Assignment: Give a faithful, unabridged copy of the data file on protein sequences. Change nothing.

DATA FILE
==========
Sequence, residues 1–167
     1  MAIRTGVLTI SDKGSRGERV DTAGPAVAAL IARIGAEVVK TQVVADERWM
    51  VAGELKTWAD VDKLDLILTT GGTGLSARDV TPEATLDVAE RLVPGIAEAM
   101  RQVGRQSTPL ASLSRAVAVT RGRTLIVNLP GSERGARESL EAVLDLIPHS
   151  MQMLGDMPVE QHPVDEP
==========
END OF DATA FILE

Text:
Sequence, residues 1–167
     1  MAIRTGVLTI SDKGSRGERV DTAGPAVAAL IARIGAEVVK TQVVADERWM
    51  VAGELKTWAD VDKLDLILTT GGTGLSARDV TPEATLDVAE RLVPGIAEAM
   101  RQVGRQSTPL ASLSRAVAVT RGRTLIVNLP GSERGARESL EAVLDLIPHS
   151  MQMLGDMPVE QHPVDEP